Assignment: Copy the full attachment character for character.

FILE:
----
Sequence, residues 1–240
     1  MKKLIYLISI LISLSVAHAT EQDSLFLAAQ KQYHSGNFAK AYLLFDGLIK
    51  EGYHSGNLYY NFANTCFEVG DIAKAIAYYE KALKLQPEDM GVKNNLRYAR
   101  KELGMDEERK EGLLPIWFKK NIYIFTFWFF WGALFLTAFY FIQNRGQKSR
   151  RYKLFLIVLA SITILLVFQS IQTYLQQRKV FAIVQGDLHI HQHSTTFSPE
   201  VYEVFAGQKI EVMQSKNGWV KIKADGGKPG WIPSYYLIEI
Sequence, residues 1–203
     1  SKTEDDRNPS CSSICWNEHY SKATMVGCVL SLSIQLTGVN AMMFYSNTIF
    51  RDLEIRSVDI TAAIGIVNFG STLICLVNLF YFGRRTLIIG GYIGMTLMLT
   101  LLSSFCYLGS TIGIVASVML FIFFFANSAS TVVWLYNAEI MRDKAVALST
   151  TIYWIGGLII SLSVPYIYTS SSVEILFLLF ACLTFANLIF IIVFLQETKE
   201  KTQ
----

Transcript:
Sequence, residues 1–240
     1  MKKLIYLISI LISLSVAHAT EQDSLFLAAQ KQYHSGNFAK AYLLFDGLIK
    51  EGYHSGNLYY NFANTCFEVG DIAKAIAYYE KALKLQPEDM GVKNNLRYAR
   101  KELGMDEERK EGLLPIWFKK NIYIFTFWFF WGALFLTAFY FIQNRGQKSR
   151  RYKLFLIVLA SITILLVFQS IQTYLQQRKV FAIVQGDLHI HQHSTTFSPE
   201  VYEVFAGQKI EVMQSKNGWV KIKADGGKPG WIPSYYLIEI
Sequence, residues 1–203
     1  SKTEDDRNPS CSSICWNEHY SKATMVGCVL SLSIQLTGVN AMMFYSNTIF
    51  RDLEIRSVDI TAAIGIVNFG STLICLVNLF YFGRRTLIIG GYIGMTLMLT
   101  LLSSFCYLGS TIGIVASVML FIFFFANSAS TVVWLYNAEI MRDKAVALST
   151  TIYWIGGLII SLSVPYIYTS SSVEILFLLF ACLTFANLIF IIVFLQETKE
   201  KTQ